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Florida Holocaust Museum replaces hate with hope in battle against extremism

Recent anti-Semitic incidents spark education efforts
Stanley and Lucia Igel
Posted at 10:39 AM, Aug 30, 2022
and last updated 2022-09-06 17:01:27-04

ST. PETERSBURG, Fla. — The I-Team is investigating the rise of white supremacy in Florida in a series we call "State of Hate."

With hate crimes and incidents tied to extremism on the rise, one local organization is replacing hate with hope, one person at a time.  



"Horrible, horrible things happened"

"I often say we’re running a race," Florida Holocaust Museum Chairman Mike Igel said. "Who’s gonna get to that person’s ear first?"

The ABC Action News I-Team talked to him in front of the centerpiece of the museum’s 20,000 artifact collection: a train car that was used to haul thousands of Jews to concentration and death camps.  

When the box car was restored, a child’s ring was found wedged between the boards.

Jewish residents in Eastern Europe were loaded onto trains and transported to death and concentration camps
Jewish residents in Eastern Europe were loaded onto trains and transported to death and concentration camps.

“Horrible, horrible things happened. People were murdered just for who they were,” Igel said.  

Igel is concerned that if we don’t learn from history, history could repeat itself.  

“Statistics show there is a relative increase in anti-Semitic activity and anti-Semitic behavior,” Igel said.  

The Anti-Defamation League reported incidents targeting Florida’s estimated 650,000 Jewish residents were up 50% last year.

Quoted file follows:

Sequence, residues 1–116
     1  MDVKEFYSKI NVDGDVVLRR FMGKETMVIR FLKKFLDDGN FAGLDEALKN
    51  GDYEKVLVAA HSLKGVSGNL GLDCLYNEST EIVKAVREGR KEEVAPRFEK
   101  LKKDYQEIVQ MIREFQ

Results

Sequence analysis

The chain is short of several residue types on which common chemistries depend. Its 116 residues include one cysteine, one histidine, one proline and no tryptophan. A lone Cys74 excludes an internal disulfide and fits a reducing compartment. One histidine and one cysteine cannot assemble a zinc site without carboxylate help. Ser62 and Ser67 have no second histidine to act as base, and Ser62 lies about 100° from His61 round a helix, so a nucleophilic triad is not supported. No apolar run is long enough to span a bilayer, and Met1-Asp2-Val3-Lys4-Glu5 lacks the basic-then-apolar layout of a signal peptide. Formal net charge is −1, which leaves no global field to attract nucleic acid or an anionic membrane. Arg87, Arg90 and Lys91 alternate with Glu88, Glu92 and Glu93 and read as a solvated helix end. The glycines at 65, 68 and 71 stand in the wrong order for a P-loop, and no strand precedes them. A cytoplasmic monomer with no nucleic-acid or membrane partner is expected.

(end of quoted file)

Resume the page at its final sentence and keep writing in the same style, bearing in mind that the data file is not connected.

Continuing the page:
Anti-Semitic incidents up 50% in 2021
Anti-Semitic incidents up 50% in 2021 (courtesy ADL)


The courage of strangers  

For Igel it’s personal. He carries photos of his grandparents, holocaust survivors Henry Ferber and Stanley and Lucia Igel, to remind him he owes his life to the kindness and bravery of strangers in Poland decades ago.

Stanley and Lucia Igel
Family photo showing Stanley, Lucia and Mike Igel (Courtesy Mike Igel). His grandparents were Holocaust survivors.

“My grandparents were saved by non-Jewish people who didn’t have to do what they did," Igel said. "They hid my grandparents. The people were ultimately arrested for it, were tortured for six weeks, but wouldn’t give up my grandparents. And they were executed for what they did. I wouldn’t be here without that."

The World Holocaust Remembrance Center has added the names of those brave people, Michel and Katarzyna Gerula, to The Righteous Among the Nations list of those who helped Jews during World War II.  

A third person, Roman Segelin, has also been nominated for inclusion on the list for his role in helping save Igel’s grandparents.

The Florida Holocaust Museum displays images of Nazi propaganda from the 1930s and 1940s as a warning. Igel believes people should be educated about the meaning of those hate symbols.  

“Most people say 'I had no idea. I don’t want to be part of that anymore,'" he said.  

Florida Holocaust Museum Chairman Mike Igel
Florida Holocaust Museum Chairman Mike Igel